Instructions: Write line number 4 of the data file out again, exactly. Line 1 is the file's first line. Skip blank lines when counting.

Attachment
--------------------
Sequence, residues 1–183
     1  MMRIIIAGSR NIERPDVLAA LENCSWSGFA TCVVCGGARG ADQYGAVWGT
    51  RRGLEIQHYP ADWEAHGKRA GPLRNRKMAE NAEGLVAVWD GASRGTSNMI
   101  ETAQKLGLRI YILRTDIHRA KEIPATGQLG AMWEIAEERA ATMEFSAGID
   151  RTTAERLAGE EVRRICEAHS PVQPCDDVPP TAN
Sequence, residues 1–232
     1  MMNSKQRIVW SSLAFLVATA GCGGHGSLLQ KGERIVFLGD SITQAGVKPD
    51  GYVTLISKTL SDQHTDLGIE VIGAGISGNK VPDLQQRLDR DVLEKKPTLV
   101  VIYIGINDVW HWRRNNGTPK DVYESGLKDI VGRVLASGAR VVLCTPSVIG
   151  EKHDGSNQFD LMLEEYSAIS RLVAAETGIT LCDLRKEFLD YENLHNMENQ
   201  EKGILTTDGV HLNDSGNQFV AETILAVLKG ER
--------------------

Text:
   101  ETAQKLGLRI YILRTDIHRA KEIPATGQLG AMWEIAEERA ATMEFSAGID